By IAN FAILES
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By IAN FAILES
As the animation studio behind the various LEGO movies – including The LEGO Movie 2: The Second Part – Animal Logic has spent several years ramping up its pipeline in order to deliver a unique CG style of stop-motion-like animation and a diverse set of worlds and characters.
Indeed, the studio has developed its very own renderer along with a set of proprietary tools and techniques for making the films feel like they are made from individual LEGO bricks. VFX Voice asked key Animal Logic crew members about some of the technological leaps created specifically for The Second Part.
The Second Part is directed by Mike Mitchell and sees the main characters from the first film [The LEGO Movie] return to find their world devastated by several Duplo characters. What follows is an intergalactic adventure that showcases new worlds, new characters and a lot more brick action.
With ‘brick films’ as the inspiration for the style of animation in all the LEGO films, over the various movies Animal Logic has created a workflow for realizing character animation without motion blur, while staying extremely close to the look and range of movement that real LEGO blocks and characters have.
Part of that comes from the studio’s reliance on LEGO’s own LEGO Digital Designer (LDD) – a tool available to the public – that lets users choose from the existing LEGO brick library. Animal Logic has connected LDD into its Maya pipeline to allow artists to continue to build vehicles, structures and environments.
What LDD helped with in The Second Part is the idea that “…everything is made out of bricks,” says CG Supervisor Emmanuel Blasset. “We do have a little bit of dust in the air and physical smoke, but for this movie we really went back to the roots of the traditional stop-motion look, so everything is made out of LEGO.”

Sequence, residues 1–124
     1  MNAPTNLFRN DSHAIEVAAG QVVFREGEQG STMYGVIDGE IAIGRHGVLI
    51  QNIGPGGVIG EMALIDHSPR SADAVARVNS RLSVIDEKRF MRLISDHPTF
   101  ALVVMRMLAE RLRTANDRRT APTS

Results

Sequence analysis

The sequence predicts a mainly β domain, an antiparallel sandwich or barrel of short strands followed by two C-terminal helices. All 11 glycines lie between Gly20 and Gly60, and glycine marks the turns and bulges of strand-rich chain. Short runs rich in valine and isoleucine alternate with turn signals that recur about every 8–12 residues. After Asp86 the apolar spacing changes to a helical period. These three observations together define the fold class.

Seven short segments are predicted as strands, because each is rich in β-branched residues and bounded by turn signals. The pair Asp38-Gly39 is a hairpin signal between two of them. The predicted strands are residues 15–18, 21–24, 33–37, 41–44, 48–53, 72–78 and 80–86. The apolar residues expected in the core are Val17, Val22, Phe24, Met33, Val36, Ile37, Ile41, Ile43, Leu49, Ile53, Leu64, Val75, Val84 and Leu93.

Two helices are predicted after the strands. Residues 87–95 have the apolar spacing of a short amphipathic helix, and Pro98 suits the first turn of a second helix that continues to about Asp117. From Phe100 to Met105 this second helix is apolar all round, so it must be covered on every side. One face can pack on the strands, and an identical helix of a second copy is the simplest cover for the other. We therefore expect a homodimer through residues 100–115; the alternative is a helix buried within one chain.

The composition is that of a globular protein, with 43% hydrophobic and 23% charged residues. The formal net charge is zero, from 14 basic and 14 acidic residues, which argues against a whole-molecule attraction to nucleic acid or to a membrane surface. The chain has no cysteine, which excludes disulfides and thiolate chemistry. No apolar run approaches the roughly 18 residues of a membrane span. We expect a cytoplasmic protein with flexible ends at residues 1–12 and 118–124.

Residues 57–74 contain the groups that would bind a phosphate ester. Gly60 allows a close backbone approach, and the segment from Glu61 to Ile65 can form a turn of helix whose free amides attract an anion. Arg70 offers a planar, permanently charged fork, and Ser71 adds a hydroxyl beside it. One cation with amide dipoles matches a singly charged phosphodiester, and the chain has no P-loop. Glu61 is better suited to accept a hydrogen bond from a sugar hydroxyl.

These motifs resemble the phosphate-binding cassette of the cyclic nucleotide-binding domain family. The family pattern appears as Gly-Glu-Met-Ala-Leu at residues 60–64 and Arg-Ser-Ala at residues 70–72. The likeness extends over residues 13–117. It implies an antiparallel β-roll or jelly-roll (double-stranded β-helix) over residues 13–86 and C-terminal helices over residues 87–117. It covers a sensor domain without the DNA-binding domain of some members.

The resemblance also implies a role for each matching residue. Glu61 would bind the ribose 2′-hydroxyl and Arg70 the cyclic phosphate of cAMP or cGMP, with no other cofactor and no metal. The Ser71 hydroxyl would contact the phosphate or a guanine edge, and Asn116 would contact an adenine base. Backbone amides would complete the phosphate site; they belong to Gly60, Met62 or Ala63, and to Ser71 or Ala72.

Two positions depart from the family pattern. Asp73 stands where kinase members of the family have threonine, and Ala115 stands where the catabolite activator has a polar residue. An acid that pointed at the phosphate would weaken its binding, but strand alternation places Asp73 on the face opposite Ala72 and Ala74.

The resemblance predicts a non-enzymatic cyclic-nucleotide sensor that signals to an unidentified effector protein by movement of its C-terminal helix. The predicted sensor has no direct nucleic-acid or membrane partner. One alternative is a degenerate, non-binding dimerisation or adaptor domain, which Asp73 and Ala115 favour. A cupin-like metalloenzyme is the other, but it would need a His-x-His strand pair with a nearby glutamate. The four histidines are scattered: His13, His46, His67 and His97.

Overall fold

With bricks always on their mind, Animal Logic’s artists further developed the proprietary path trace renderer, Glimpse, during the making of The Second Part to provide for even greater on-screen detail. It also helped with things such as a physically-based iridescence. This is seen, for example, in the hair of the character Sweet Mayhem. Glimpse also allowed for upgraded lens flares and depth-of-field which had normally been the domain of compositing.
Weave, also an in-house Animal Logic tool, came in handy for cloth simulations in The Second Part. Meanwhile, the studio’s scattering tool, Spawn, was one that the studio relied on to spread dirt into the film’s initial post-apocalyptic wasteland called Apocalypseburg.
Instead of spreading those kinds of particles manually, artists would build CG sets, and then, according to CG Supervisor John Rix, use Spawn to “…distribute all of the dust particles across the whole entire area. It was done semi-procedurally. The dirt was cast onto the surface and algorithms allowed it to bunch up more where it got into corners and to be a little more sparse in open areas.”
Still, in channeling the stop-motion side of LEGO, Animal Logic approached some shots in the film in more ‘old-school’ ways. For example, explosions related to the character Sweet Mayhem were hand-sculpted initially with LDD and crafted using procedural replacement animation like a stop-motion solution. “We’re not just taking an explosion and converting it to bricks,” says FX Supervisor Mark Theriault. “We’re actually sculpting each frame of the brick and triggering it so it feels more stop-motion.”
Similarly, even times when elements were simulated with computer graphics, they had as their base something rooted in reality. Some of these elements include the fabric-like constructs in space.
“We went through a lot of development to get the right look and the right placement of each of those pieces of fabric,” explains art director Kristen Anderson. “We even set up big strips of fabric and would shoot stills of them – we’d stand in front of co-director Trisha Gum, who’s from a stop-motion background, with rulers and strips of fabric at a certain distance and say, ‘Does this feel right for this size?’”